That has left Republicans without a deep bench of healthcare policy experts in Congress, despite a cadre of doctors-turned-lawmakers.
One architect of the latest GOP effort is Tom Price, the former congressman and orthopedic surgeon who is now the Health and Human Services secretary. But to many, his experience in reforming government healthcare programs pales in comparison to the late Sen. Edward M. Kennedy, the liberal lion who for decades set strategy for Democratic reform efforts, including Obamacare.
Lawrence Jacobs, director of the Center for the Study of Politics and Governance at the Hubert H. Humphrey School at the University of Minnesota, said the Republicans' struggles are not surprising given the difficulties of healthcare reform and the party's resistance to taxes and government spending.
"We've generally seen Republicans steer away from health reform if it involves raising taxes," he said. "Republicans are allergic to the coverage issue because it requires them at some point to have revenue either for tax credits or spending."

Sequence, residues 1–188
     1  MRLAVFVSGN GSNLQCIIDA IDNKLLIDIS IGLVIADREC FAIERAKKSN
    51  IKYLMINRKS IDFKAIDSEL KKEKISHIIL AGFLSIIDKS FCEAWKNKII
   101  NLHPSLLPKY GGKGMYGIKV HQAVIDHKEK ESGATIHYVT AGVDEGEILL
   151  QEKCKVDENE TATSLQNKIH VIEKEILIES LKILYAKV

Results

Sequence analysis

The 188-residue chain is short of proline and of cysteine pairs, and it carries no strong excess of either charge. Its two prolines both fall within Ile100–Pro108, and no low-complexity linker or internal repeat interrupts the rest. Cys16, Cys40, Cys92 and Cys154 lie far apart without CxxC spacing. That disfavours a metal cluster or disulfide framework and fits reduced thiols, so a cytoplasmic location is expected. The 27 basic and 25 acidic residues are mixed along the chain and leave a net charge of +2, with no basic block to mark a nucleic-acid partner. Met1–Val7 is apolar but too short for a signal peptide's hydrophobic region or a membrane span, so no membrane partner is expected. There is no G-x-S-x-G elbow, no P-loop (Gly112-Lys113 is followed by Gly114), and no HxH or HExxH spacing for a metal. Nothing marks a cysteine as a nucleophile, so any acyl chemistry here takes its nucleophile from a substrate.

That resistance has been apparent in the GOP effort to reform Obamacare, where the party's small-government ideals have sometimes clashed with the task of protecting government benefits for the poor.
For example, its plan ends a key money source by repealing a 0.9% tax imposed under Obamacare on those earning more than $200,000 a year.
And rather than focus solely on fixing Obamacare's problems, the House plan also seeks to achieve a long-standing Republican goal: capping expenses for the entire Medicaid program, far beyond those covered under Obamacare
Jacobs noted that even Democrats, with all their experience and commitment, rarely succeeded in advancing sweeping legislation.
"Passing national health reform is one of the hardest things to do in America," Jacobs said. "There is a reason liberals and progressives failed for over half a century."